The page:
Austin J In Vitro Fertili. 2017; 4(1): 1030.
Vitrified-Warmed Blastocyst Score Effects Pregnancy Outcomes: Towards a Single Blastocyst Vitrification and Transfer
Zhao H, Li R, Yuan P, Zheng L, Li D and Wang W*
Department of Obstetrics and Gynecology, Sun Yat-sen Memorial Hospital of Sun Yat-sen University, People’s Republic of China
*Corresponding author: Wenjun Wang, Department of Obstetrics and Gynecology, Reproductive Medical Center, Sun Yat-sen Memorial Hospital of Sun Yatsen University, 107 Yan Jiang West Road, Guangzhou, Guangdong, People’s Republic of China
Received: January 17, 2017; Accepted: February 22, 2017; Published: March 01, 2017
No a referable quality selection criteria for a single vitrified-warmed blastocyst transfer. Therefore, the present study aimed to investigate the relationship between vitrified-warmed blastocyst score and clinical pregnancy outcomes. This retrospective analysis consisted of 221 patients undergoing two blastocysts transfer on thawing day. Implantation rate, fetal heart pregnancy rate, live-birth rate, multiple birth rate were analyzed.
When a patient received two high-quality vitrified-warmed blastocysts (=3BB), implantation rate and fetal heart pregnancy rate were 48.2% and 65.5%, respectively. The multiple birth rates in this group were 44.4%. When two vitrified-warmed blastocysts (one =3BB and another <3BB) were available for transfer, implantation rate and fetal heart pregnancy rate were 34.5% and 52.7%. The multiple birth rate for this group was 29.6%. When only two generalquality vitrified-warmed blastocysts (<3BB) were transferred, implantation rate and fetal heart pregnancy rate were 21.7% and 35.9%, and the multiple birth rate was 21.7%.
The ability to transfer one good-quality vitrified-warmed blastocyst (=3BB) should lead to fetal heart pregnancy rates greater than 52% and live birth rates greater than 36%. Results of the present study can provide guidelines for a single vitrified-warmed blastocyst transfer, which is an effective means of eliminating multiple gestations and avoiding the complications associated with such pregnancies.
Keywords: Vitrified-warmed blastocyst; Quality; Pregnancy outcome; Single-embryo transfer
Multiple pregnancies are a complication of human Assisted Reproductive Technology (ART), rather than a successful result . So, how to reduce the multiple pregnancy rates and maintain the acceptable overall live-birth rate have become research hotspots in the area of reproductive medicine. The strategy of a single embryo transfer is the most effective way to achieve single pregnancy.
Transfer of an embryo with a high potential for development and implantation is a key success factor in ART . Routine blastocyst culture using sequential culture media in vitro can make a better assessment for embryo viability and may confer a selection advantage . Moreover, blastocyst transfer has been associated with a higher implantation rate [4-7] and a better synchronization between endometrial receptivity and embryo .
In a conventional In Vitro Fertilization (IVF) cycle, the use of exogenous gonadotropins results in Ovarian Hyper Stimulation Syndrome (OHSS). Cryopreservation programs are essential for patients who suffered from OHSS. Moreover, for infertile women with the polycystic ovary syndrome, frozen-embryo transfer was associated with a higher rate of live birth and a lower risk of the OHSS than fresh-embryo transfer after the first transfer , because vitrified- warmed blastocyst transfer occurs within a uterine environment that more closely resembles spontaneous conception . In addition, cryopreservation process is used for the storage of supernumery embryos to increase cumulative pregnancy rate.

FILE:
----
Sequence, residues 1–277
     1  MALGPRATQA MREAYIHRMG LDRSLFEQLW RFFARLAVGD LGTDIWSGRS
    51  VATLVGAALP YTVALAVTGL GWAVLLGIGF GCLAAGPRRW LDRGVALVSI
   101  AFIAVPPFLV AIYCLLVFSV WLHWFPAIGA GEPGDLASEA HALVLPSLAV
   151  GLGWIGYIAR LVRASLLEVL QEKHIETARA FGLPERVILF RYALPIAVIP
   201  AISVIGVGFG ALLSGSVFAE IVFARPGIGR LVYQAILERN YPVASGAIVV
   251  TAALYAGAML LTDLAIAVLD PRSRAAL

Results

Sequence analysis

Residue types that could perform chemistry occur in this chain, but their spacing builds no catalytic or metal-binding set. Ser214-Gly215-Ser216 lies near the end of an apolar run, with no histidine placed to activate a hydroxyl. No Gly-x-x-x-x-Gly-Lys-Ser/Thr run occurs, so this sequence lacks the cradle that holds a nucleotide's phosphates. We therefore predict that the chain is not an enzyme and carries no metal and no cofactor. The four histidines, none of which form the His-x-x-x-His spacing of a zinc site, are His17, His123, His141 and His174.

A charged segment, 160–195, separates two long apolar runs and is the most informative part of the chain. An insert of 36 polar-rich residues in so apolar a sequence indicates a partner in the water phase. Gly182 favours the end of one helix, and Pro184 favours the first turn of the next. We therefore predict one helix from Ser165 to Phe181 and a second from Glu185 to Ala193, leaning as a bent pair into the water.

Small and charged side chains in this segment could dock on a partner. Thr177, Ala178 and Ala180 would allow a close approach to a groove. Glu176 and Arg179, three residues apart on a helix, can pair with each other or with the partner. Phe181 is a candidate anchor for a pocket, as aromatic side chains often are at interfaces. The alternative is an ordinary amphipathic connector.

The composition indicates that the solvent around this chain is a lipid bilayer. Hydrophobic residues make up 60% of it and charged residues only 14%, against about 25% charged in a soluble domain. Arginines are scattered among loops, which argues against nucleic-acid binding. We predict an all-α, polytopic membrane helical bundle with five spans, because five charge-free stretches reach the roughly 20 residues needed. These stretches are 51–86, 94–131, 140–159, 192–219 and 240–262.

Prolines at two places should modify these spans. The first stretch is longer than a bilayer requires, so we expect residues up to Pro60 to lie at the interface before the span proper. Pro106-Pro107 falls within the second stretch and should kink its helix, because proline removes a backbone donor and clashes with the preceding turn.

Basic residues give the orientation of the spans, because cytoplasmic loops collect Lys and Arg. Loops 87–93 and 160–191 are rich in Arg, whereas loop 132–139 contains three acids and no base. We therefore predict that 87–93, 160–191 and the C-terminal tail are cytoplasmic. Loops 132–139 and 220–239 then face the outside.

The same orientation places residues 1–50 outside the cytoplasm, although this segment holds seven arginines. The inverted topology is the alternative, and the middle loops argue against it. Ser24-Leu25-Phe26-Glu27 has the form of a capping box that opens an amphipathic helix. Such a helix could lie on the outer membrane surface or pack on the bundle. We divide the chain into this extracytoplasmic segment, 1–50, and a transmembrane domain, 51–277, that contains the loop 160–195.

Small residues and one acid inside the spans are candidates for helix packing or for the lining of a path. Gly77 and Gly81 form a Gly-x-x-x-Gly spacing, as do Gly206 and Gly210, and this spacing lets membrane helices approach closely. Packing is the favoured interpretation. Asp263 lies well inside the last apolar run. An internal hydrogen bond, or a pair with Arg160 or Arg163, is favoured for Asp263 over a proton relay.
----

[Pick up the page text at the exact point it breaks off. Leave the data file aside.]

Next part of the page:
Transfer of two or more embryos may increase the chance of pregnancy for a patient, but also lead to multiple pregnancy, and maternal and neonatal complications. Therefore, many ART clinics are now opting for a single embryo transfer protocol that aims to eliminate the complications associated with multiple pregnancies [11,12]. To implement a single vitrified-warmed blastocyst transfer protocol successfully, it is necessary to determine the quality selection criteria of a blastocyst. Here, we report a retrospective analysis of patients receiving vitrified-warmed blastocysts transfer and the correlation of implantation rate and pregnancy outcome with respect to the blastocyst score.
Materials and Methods
Two hundred and twenty-one patients who had received vitrified-warmed blastocyst transfer between January 2013 and July 2015 were included in the analysis. Inclusive criteria were  two vitrified-warmed blastocysts were transferred on the thawing day,  the vitrified-warmed blastocyst transfer was not a part of sequential transfer,  the endometrial preparation programs were natural cycles or hormone replacement therapy cycles. Institutional Review Board approval was not obtained because the study was not a prospective but a retrospective analysis of case results. The procedures used in this retrospective cohort study were in accordance with the guidelines of the Helsinki Declaration on Human Experimentation and Good Clinical Practice (CGP). The informed consent requirement was exempted because we only retrospectively accessed a de-identified database for analytical purposes.
Embryo vitrification and warming
After shrinkage of the blastocoel, embryos were transferred into equilibration solution (KITAZATO, Tokyo, Japan) for 8 min at room temperature. After they were washed in vitrification solution for three times, blastocysts were picked up in an extremely small volume (<0.1μL) of vitrification solution, transferred onto the open pulled straw and placed into liquid nitrogen rapidly. Subsequently, a plastic tubule was covered the straw to provide protection during storage in liquid nitrogen.